In our society, dualism is again becoming prevalent. It is manifest in the trans-gender movement; the campaign for surrogacy; and even, euthanasia; – as though what happens in and through the body is inconsequential. The mantra of ‘spiritual but not religious’ is an expression of Gnosticism – they eschew religion, but religion is actually embodied spirituality.
This paper proposes that the answer today is the same as in the previous gnostic crises – The Incarnation. The challenge is how to present this answer in a way that is meaningful to those caught in the contemporary crisis.
Clara Geoghegan is a PhD candidate in Church History at the University of Divinity. She and is a researcher for the Australian Christian Lobby and lectures in Church History at Catholic Theological College, Melbourne. Clara is also co-director of the Catherine of Siena Institute, Australia and is passionate about encouraging Christians to engage in the public square.
‘Your Healing Shall Spring Up’: psychological and spiritual interventions for rebuilding a wounded Church
Contrary to popular opinion, the Church in Australia is not being persecuted. It is experiencing the inevitable consequences of decades of liturgical abuses, doctrinal dissent, and sexual revolution on the part of both clergy and laity alike. Both the people of God and its ecclesial leadership need profound spiritual healing – but where do we start? The US-based Grief to Graceprogram offers a model of healing which is working to restore wounded, abused and scandalised clergy and laity by identifying and expressing individual injuries, and then re-uniting these powerfully to the Passion of Christ.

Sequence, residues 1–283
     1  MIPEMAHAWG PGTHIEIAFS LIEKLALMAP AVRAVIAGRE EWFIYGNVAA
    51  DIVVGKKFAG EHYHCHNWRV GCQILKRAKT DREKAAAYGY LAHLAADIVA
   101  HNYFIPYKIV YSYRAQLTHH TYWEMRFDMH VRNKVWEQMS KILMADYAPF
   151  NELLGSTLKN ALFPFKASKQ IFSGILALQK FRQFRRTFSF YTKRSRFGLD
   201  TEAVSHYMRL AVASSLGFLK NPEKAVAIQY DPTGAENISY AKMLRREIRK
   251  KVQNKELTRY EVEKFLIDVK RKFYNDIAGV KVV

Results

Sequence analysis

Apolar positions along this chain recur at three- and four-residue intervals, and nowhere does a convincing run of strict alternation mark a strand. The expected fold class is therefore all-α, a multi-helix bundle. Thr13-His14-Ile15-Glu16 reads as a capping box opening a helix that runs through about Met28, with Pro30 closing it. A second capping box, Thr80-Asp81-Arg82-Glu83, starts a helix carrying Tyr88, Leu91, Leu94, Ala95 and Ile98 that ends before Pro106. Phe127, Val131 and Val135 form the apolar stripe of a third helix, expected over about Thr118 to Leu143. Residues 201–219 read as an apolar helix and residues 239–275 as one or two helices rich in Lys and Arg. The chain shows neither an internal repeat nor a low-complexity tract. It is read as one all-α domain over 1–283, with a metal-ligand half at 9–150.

Dr Philippa Martyr is a historian, writer, researcher, and psychology student. She lives in Perth, and currently teaches at the University of Western Australia.
Christianity and Jesus – an Inconvenient Truth.
The Christian church in Australia has had the incredible privilege of being legally allowed to teach about Jesus to approximately one million primary school and 800,000 secondary students in NSW. It also has had opportunity to minister to students through school Chaplaincy and the Christian school’s movement.
However, all the above are far from being secure and new strategies must be considered so that all our students may have the opportunity to be taught about the reality of Jesus and his impact on Australia and the world.
The Australian Curriculum presents us with such an opportunity to create a strategy whereby we teach students about our Christian Heritage. Not from a Religious perspective but from an historical perspective. This suggested strategy may require a paradigm shift and hopefully will be embraced by parents and teachers alike.